Comments

  1. Jaimie Smith

    These are some awesome tips, Jenna!! It is definitely important to show compassion in an interview like this. I probably would not be very good at an interview like this, though. I am definitely one who would let my emotions get the best of me!

    • Jenna Markowski

      Thanks, Jaimie! Interviews like this are definitely tough, and they take a lot of practice!

  2. Jen

    These are great tips Jenna. I never know what to say to people when they’re upset, let alone interview them. If I ever have to, however, I will use your tips for sure!

    • Jenna Markowski

      It’s hard to figure out the right words to say sometimes, which is why it’s best to check and re-check your prepared questions! This kind of interview takes a lot of thought and preparation beforehand. Thanks, Jen!

  3. Cybernetic SAM

    I have been in this situation before (and I am a bleeding heart), and sometimes I let that get the best of me. But at the end of the day, you can’t let a sob story be key to your decision, no matter how hard it may be. It really is an awful feeling. Great tips though!

    • Jenna Markowski

      Exactly. Even though it can be really tough, someone has to hold down the fort and keep the interview from falling apart at the seams. Compassion is key here, though. Just because you need to stay composed, doesn’t mean you should be cold or rush the interview along. It’s crucial to let the interviewee know that it’s okay if they’re upset and to go at whatever pace they are comfortable with. It really is a delicate balance. Thanks, Sam!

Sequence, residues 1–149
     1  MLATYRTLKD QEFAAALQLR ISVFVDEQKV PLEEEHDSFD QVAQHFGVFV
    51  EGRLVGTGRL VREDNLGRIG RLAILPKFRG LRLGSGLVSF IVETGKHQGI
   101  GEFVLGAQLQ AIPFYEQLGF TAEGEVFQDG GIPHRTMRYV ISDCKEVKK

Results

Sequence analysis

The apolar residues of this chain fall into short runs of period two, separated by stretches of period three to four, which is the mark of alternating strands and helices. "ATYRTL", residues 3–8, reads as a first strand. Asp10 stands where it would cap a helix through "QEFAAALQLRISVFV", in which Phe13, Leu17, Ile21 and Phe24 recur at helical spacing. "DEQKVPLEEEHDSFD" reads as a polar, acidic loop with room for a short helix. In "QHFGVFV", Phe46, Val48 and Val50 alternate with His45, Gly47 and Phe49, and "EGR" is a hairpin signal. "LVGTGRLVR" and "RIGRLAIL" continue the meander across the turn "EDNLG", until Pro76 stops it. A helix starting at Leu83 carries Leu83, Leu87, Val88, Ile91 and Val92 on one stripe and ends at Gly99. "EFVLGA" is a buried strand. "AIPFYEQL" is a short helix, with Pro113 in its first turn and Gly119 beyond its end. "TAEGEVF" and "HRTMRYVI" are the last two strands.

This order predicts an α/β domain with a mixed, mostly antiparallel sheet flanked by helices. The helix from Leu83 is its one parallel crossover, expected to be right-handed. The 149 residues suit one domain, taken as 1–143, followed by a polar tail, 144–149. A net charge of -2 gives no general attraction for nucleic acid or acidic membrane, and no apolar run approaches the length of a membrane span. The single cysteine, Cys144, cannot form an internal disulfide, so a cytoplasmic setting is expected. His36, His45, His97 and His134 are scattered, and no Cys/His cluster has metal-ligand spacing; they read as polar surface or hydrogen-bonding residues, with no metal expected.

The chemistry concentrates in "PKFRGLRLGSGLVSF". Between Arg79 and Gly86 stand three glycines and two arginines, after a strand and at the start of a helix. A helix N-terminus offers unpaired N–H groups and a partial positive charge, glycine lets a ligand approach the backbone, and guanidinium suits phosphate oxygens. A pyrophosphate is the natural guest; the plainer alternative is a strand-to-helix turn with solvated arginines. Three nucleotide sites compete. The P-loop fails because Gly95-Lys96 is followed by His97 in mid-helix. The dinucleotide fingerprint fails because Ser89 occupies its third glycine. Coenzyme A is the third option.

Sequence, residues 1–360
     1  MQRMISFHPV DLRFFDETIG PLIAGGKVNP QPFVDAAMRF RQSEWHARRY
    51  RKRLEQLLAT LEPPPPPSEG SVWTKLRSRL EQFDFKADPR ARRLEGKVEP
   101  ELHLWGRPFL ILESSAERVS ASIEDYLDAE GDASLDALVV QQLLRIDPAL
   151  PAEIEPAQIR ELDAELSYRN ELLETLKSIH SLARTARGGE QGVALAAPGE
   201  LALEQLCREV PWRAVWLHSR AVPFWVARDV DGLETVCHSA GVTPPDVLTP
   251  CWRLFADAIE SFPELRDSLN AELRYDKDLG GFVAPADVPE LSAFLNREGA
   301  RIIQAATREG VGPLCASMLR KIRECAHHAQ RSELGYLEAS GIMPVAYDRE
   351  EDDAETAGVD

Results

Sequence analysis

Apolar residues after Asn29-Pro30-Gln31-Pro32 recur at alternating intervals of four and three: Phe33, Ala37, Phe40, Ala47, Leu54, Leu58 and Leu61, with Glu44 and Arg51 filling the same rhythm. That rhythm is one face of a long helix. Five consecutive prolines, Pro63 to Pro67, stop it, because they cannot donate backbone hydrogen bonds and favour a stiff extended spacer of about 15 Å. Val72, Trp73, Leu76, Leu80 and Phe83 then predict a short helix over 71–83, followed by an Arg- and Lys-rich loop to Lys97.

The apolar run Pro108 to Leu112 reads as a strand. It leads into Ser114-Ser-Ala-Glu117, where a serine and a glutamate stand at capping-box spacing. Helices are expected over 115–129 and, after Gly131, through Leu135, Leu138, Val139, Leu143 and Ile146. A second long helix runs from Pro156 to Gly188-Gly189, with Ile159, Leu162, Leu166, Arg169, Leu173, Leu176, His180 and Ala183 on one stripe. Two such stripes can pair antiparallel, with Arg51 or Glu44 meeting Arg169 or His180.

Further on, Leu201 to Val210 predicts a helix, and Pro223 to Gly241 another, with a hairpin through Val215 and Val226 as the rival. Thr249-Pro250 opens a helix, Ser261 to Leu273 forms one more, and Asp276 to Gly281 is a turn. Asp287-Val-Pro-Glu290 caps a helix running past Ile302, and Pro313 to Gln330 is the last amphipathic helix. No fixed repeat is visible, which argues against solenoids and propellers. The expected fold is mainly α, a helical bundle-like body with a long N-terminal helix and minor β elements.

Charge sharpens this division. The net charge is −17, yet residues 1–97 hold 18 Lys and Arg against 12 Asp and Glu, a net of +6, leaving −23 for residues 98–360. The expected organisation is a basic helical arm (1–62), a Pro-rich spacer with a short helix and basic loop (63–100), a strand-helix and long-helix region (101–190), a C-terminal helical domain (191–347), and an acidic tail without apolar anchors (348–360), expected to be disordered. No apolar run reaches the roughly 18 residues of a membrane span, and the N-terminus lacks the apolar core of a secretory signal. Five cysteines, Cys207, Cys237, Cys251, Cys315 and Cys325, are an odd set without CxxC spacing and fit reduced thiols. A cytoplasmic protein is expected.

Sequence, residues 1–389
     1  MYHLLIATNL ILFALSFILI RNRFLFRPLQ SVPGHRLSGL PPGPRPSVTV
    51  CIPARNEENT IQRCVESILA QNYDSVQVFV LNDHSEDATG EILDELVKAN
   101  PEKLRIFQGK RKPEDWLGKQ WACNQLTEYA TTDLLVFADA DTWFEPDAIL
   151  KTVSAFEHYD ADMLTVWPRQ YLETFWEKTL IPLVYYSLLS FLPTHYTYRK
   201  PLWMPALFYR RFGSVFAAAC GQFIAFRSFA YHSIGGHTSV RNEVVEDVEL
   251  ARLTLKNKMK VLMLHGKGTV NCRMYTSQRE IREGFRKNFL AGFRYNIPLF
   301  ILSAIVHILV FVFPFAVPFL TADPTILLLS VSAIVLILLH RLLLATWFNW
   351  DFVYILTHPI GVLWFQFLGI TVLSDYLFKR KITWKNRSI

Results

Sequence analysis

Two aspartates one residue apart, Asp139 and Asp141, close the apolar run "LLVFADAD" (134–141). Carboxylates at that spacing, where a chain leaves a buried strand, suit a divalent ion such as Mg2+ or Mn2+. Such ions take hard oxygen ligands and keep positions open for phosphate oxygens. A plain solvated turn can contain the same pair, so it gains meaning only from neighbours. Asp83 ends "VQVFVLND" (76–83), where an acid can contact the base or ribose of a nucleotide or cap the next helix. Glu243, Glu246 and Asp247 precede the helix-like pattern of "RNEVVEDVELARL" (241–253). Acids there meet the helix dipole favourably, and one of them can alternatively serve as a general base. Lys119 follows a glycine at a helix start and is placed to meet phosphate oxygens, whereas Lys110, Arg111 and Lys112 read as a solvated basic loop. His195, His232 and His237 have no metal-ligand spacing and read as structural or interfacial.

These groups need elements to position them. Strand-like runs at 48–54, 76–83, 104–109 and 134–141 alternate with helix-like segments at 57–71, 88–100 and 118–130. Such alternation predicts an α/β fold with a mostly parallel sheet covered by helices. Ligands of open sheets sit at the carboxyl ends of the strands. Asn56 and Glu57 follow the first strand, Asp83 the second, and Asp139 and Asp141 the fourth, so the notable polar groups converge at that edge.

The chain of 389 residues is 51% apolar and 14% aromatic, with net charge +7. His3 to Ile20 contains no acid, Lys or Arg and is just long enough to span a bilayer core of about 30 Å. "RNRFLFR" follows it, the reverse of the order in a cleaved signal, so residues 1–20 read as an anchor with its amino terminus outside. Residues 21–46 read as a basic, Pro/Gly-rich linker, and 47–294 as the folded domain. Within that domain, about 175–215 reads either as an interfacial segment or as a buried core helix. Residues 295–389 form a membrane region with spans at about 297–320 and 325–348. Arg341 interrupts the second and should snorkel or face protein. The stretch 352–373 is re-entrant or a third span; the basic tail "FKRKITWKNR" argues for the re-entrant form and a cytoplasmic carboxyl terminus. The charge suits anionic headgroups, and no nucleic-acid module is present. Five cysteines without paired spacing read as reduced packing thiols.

4. Amy Swanson

    Your tips here are excellent and they sound spot-on. I can’t imagine having to interview someone in a circumstance like this. Great job explaining what exactly to do, Jenna!

    • Jenna Markowski

      Thanks, Amy! It’s pretty tough, but with the right knowledge and enough practice it gets a little easier. Hopefully now if you’re ever in this situation you’ll know what to do!

  5. Mandy Kilinskis

    Great tips as always, Jenna! I’ve (fortunately) steered clear of sensitive interviews in the past, but I imagine that I’ll have to conduct one some day. When that day comes, I will be prepared!

    • Jenna Markowski

      Thank you, Mandy! I haven’t had to do too many myself, either. But I’ve had enough training in the field that I’m ready when the time comes! Now you will be, too! :)

  6. Rachel

    Great point about making sure your questions are worded correctly — wouldn’t want to offend someone, no matter if it’s a sensitive interview or not! Thanks for this whole interview series, Jenna; it’s been very informative, and I’m sure a lot of budding interviewers appreciate all these tips and tricks. :)

    • Jenna Markowski

      Good point, Rachel! Checking and double-checking your wording on questions is important all of the time, not just when it’s a sensitive subject. I’m glad you liked the series! I sure hope they do! :)

  7. Jill Tooley

    You’re such an interviewing expert, Jenna! This “for Dummies” series has been incredibly helpful. :)

    All of the points you made are valid, of course, but “taking baby steps” is one of the most crucial to remember. Interviewers must ease into the process rather than spring a zillion questions on an upset interviewee! There’s a certain level of trust that goes along with it. If the guest thinks the interviewer is being insensitive, then the whole thing is as good as over!

  8. Eric

    Even if you aren’t, it never hurts to take the side of the person you’re interviewing, or – at the very least – give them the impression they’re not being judged for their responses or behavior. You can quickly make an interview into an argument straying from this advice. Smart stuff, Jenna. If only more of those television folk could abide by it!

Leave a Comment